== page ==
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Remote learning has teachers juggling two sets of students

Districts offer an online option for those opting out of in-person classes

High school math teacher Kim Anderson reviews problems with her AP calculus students. Anderson also records her lessons for her online students to make sure that they can benefit from other students’ questions. (Liam Halawith/ The Union)
High school math teacher Kim Anderson reviews problems with her AP calculus students. Anderson also records her lessons for her online students to make sure that they can benefit from other students’ questions. (Liam Halawith/ The Union)

MT. PLEASANT – As positive coronavirus cases continue to rise in Iowa, schools continue to adapt to a new way of teaching and learning: remotely.

As part of the district’s return-to-learn plan Mt. Pleasant schools are offering remote learning to any student that is opting out of in-person classes.

As the district enters its sixth week of school, teachers, who handle both in-person classes and remote instruction, are struggling to handle the amount of work that comes with managing remote learners.

In particular, teachers are having trouble communicating with their students.

Second-grade teacher and remote-learning coordinator for the second grade, CJ Gaston doesn’t like being unable to quickly communicate with students and families when they have a question.

“I want to be able to answer questions as soon as possible. Just trying to be able to communicate as quickly as possible is one of the struggles for sure,” Gaston said.

Not only is it difficult for teachers to communicate with students, it’s difficult for some to gauge the student comprehension of a topic when work is done remotely.

High school math teacher Kim Anderson finds it difficult to pick up when a student is struggling with a problem in the absence of face-to-face interaction with the student. While teaching from afar, Anderson has to settle for whatever the student is willing to share.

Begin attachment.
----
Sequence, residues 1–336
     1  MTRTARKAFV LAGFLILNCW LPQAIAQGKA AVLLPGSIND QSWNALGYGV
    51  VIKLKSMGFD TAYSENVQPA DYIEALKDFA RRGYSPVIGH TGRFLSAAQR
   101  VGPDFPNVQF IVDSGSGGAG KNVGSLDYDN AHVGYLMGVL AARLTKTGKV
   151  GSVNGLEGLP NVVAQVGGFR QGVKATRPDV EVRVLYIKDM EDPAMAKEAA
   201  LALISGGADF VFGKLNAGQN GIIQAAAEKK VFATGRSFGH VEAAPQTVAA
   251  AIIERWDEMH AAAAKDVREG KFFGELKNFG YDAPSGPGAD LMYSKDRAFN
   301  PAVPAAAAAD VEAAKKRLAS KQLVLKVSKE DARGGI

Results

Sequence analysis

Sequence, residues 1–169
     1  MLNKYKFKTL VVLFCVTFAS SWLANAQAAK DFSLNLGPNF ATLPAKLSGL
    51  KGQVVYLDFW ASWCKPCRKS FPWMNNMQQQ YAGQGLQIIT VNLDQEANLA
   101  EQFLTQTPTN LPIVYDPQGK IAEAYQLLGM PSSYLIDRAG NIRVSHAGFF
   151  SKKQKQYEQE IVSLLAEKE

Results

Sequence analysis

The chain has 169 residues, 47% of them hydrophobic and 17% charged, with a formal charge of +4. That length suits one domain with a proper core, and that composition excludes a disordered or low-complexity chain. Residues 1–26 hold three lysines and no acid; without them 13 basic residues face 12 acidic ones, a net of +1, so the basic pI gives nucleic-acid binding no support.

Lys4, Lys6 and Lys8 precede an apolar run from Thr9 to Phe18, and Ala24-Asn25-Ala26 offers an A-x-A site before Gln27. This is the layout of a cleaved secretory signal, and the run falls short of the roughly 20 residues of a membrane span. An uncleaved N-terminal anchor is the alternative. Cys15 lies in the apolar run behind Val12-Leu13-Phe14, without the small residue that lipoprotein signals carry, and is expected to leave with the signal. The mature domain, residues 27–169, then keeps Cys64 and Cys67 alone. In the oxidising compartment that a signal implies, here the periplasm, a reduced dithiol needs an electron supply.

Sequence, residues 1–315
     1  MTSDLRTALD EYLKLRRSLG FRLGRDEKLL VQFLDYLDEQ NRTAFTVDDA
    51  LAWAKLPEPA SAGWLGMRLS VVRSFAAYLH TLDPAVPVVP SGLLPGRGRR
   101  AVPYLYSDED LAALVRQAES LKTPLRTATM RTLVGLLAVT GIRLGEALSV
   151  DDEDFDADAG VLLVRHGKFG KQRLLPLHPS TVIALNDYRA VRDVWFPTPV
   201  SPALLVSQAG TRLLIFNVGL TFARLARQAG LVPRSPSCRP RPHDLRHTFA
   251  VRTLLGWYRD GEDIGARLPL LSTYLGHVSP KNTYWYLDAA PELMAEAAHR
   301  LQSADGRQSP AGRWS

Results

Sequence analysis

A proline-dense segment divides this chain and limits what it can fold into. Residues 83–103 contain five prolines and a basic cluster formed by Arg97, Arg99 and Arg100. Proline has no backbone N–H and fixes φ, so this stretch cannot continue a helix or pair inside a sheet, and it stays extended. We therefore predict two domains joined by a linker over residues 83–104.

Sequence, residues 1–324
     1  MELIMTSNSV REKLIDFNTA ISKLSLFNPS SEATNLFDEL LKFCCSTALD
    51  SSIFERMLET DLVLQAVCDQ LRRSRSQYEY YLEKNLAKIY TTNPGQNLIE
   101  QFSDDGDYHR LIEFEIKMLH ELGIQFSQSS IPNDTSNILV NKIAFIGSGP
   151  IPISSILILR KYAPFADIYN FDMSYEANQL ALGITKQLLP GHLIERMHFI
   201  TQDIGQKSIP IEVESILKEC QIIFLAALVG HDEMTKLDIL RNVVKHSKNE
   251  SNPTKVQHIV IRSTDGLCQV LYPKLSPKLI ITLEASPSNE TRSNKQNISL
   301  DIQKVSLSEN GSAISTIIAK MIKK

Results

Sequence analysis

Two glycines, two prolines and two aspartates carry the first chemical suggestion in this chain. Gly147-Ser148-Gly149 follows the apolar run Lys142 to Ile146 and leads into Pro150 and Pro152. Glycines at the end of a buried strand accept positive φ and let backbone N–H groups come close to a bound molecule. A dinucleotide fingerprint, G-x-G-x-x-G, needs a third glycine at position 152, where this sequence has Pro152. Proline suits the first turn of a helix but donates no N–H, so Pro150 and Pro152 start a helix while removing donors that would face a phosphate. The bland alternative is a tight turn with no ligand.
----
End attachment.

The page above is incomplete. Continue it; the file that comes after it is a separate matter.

“You can kind of see their face [in class], and you can see if they’re getting it or not. When they’re at home it’s a little harder to tell exactly if they really understand it,” Anderson said.

This has led to many teachers taping their lessons and sending students the videos through software like Zoom, and Screencastify. Teachers sometimes even tape their live lessons to give the students a more immersive experience.

The tapes allow remote students to learn from other student questions and allow them to benefit from class discussions even if they cannot physically be in the class.

“I basically redo the lesson that I do for my kiddos in my normal classroom. The thing that we’re lacking is the communication between students, we’re missing that turn and talk time,” Gaston said.

Anderson echoed that class discussion is important for students to learn. It allows for a deeper understanding of the topic. This is something that many remote learners are having trouble getting out of remote learning.

Mt. Pleasant junior Tristen Davisis participating in the remote learning model because of health concerns for himself and family members.

He feels teachers have not given students enough resources to teach themselves and comprehend material.

Davis said he feels he is left with a shallow understanding of the curriculum presented in remote learning.

“I’m … given the assignments and [told] ‘this is when you need to have it due.’ So at times, it can be difficult,” Davis said.

Despite the challenges, both teachers and students agree there are some advantages to online learning. Students can dictate their own schedule, learn on their own terms and take more time on material if needed. Teachers are learning new tools they can incorporate into their classroom.

“We’re learning some things that we’ve never thought we’d be able to learn, and we’re going to be able to transfer that into our classroom on a daily basis,” Gaston said.

Still, many wish the remote learning model wasn’t necessary even though it may be here to stay and will continue to be available for students that choose the alternative learning model until the state’s emergency declaration expires.

“It’s working, obviously, it’s not ideal, but we’re making the best of a tough situation,” Anderson said.